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ACEs in the Criminal Justice System

Discussion and sharing of resources in working with clients involved in the criminal justice system and how screening for and treating ACEs will lead to successful re-entry of prisoners into the community and reduced recidivism for former offenders.

North Carolina to infuse ACEs science into state judiciary system

 

Plans to integrate practices and policies based on the science of adverse childhood experiences in North Carolina’s 4,000-person,100-county statewide judiciary were announced today.

Jon David, district attorney for North Carolina’s 15th District, District Court Judge Quintin McGee of the same district, and Amelia Thorn, of Duke University’s Bolch Judicial Institute, revealed plans to work with North Carolina Chief Justice Paul Newby and Administrative Office of the Courts Director Andrew Heath to develop an ACEs science and trauma-informed curricula across all departments of the Administrative Office of the Courts (AOC). This includes district attorneys, judges, clerks, sheriffs and magistrates.

Working with Thorn to help develop the courses will be a superior court judge, a district court judge, a sheriff, a police chief, the clerk of the Superior Court, deans from North Carolina law schools, and community members, including at least one ACEs science subject matter expert. This group is tentatively named the Resilience Commission for (the) Justice System.

“The first thing to acknowledge is that ACEs exist in our communities and that we need to be proactive about trying to fight and counter those ACEs,” said McGee. “We have the power. It is an obligation and is something we are leading here in southeast North Carolina and will be leading statewide, and nationwide, because it has the potential to not only to change things for young people in our region, but to help young people across the nation.”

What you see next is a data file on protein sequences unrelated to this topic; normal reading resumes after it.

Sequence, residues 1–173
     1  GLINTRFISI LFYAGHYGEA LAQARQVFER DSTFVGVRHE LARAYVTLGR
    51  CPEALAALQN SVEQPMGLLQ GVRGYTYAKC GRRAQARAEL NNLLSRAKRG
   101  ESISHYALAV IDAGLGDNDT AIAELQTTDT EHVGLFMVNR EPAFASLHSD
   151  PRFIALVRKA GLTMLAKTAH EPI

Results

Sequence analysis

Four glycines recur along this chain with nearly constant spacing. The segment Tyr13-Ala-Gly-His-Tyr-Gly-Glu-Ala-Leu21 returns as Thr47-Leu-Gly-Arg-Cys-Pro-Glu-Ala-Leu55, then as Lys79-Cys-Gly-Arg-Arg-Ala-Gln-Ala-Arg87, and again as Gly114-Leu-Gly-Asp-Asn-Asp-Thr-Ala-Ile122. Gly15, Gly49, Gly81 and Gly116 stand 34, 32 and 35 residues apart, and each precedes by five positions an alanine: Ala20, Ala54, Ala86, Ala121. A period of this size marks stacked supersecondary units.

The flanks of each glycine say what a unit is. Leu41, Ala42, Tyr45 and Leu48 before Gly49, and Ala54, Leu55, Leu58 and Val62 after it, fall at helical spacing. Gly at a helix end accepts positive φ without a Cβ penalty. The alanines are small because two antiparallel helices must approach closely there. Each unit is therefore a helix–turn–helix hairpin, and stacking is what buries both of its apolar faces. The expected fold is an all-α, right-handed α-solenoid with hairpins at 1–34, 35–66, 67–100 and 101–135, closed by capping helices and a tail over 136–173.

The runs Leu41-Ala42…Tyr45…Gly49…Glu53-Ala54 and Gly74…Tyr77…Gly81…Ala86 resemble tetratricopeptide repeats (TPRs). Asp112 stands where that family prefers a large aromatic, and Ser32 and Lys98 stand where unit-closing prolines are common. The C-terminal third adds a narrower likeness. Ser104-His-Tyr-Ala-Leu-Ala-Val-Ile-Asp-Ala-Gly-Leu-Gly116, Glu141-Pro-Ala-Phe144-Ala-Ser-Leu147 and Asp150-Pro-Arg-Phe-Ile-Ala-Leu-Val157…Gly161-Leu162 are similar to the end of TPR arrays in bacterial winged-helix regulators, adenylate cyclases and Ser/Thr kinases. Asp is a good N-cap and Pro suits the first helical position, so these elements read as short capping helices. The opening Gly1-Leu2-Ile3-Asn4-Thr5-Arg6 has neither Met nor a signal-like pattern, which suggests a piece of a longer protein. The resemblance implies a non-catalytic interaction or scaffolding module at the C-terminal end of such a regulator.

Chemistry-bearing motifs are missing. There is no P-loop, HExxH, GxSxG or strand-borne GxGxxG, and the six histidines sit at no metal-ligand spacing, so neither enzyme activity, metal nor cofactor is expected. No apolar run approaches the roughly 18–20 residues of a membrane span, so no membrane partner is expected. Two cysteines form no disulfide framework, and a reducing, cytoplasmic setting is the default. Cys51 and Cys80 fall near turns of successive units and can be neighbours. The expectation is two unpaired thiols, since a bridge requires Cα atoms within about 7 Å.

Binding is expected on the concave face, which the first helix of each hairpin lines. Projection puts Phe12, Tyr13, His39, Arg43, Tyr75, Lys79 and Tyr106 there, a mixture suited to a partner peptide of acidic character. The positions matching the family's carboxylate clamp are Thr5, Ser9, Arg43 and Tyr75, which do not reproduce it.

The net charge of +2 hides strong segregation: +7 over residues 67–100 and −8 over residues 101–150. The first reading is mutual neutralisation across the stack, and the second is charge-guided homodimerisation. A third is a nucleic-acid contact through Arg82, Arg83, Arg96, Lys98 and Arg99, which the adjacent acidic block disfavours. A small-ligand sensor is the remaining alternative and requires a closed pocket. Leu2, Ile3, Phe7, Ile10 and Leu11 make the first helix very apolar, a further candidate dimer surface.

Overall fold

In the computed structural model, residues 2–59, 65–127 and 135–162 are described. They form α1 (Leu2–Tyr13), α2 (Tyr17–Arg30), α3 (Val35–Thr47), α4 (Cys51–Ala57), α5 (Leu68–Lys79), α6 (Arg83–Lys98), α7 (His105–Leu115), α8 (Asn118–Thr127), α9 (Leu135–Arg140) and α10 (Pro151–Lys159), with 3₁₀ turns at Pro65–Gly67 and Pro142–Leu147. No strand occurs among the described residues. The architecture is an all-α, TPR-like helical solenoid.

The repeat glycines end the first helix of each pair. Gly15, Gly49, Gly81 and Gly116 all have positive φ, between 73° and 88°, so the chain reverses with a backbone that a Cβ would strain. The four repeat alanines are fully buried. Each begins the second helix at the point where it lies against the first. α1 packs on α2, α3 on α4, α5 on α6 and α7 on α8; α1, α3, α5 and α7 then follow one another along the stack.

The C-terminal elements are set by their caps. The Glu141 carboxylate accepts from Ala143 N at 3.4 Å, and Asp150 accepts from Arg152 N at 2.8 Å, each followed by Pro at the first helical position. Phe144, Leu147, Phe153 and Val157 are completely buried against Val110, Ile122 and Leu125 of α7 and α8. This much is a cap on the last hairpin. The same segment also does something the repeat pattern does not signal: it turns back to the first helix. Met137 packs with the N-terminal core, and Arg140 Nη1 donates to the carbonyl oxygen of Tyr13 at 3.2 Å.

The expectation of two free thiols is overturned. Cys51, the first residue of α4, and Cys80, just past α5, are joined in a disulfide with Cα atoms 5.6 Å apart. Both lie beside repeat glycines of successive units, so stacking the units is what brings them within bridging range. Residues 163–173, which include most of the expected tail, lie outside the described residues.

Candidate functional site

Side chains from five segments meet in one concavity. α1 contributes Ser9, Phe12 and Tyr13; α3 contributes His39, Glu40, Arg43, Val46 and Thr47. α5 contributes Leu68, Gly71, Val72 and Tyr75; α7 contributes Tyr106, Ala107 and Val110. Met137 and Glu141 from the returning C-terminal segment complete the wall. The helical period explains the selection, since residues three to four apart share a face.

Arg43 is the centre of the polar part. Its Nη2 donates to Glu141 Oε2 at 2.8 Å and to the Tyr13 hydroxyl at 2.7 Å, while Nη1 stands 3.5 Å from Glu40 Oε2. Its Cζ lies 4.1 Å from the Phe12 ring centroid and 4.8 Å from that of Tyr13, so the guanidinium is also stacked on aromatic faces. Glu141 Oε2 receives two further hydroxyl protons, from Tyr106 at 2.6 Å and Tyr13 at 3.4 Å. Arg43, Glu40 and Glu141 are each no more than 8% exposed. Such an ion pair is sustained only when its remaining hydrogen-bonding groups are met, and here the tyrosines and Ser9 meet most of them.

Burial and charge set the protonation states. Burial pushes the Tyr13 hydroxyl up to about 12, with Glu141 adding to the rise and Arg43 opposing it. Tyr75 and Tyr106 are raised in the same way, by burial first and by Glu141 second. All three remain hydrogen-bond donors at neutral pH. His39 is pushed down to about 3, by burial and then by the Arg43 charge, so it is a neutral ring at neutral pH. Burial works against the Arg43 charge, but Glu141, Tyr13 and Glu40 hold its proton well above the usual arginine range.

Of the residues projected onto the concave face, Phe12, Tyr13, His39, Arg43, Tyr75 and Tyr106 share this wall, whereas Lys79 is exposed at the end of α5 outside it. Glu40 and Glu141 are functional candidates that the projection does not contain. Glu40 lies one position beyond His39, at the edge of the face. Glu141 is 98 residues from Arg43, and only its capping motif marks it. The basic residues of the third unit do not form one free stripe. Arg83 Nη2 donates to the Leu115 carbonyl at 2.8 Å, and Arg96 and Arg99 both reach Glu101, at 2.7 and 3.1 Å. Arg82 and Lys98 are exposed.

“Armed with knowledge that we have children who come from difficult circumstances, who we know are not bad kids, but they are good kids with bad problems, and good kids making bad decisions, it is a moral imperative that we study what ACE scores actually are, and their impact on children, and then that we put those buffering systems in place to consciously change the arc of their future and improve these outcomes for these children,” said David.

In his parts of the presentation McGee leaned heavily on ACEs science, going through the “Three Realms of ACEs” infographic created by ACEs Connection.

Three Realms

“Some of those times you would see the defendants had adverse childhood experiences manifested and contribute to the situations. As a judge I want to focus on what we can do for these children before they hear, ‘You have the right to remain silent',” he said.

More than 30 leaders from ACEs Connection communities throughout the Southeast attended the call and learned more about four programs McGee and David support in Brunswick County, including Handle With Care, a trauma-informed program where schools and law enforcement work together. If a law enforcement officer encounters a child during a call, that child’s information is forwarded to the school before the school bell rings the next day. The school implements individual, class and whole school trauma-sensitive curricula so that traumatized children are “Handled With Care". If a child needs more intervention, on-site trauma-focused mental healthcare is available at the school.

Additional details of the Southeast Region leaders’ call will be posted soon. Those details will include reports from eight of the 11 states in the region, as well as updates from Dan Press of the Campaign for Trauma Informed Policy and Practice. Press provided details of federal COVID funding and a new initiative to involve “first spouses” in a project to raise awareness about ACEs science and its value in creating resilient individuals, families and communities.

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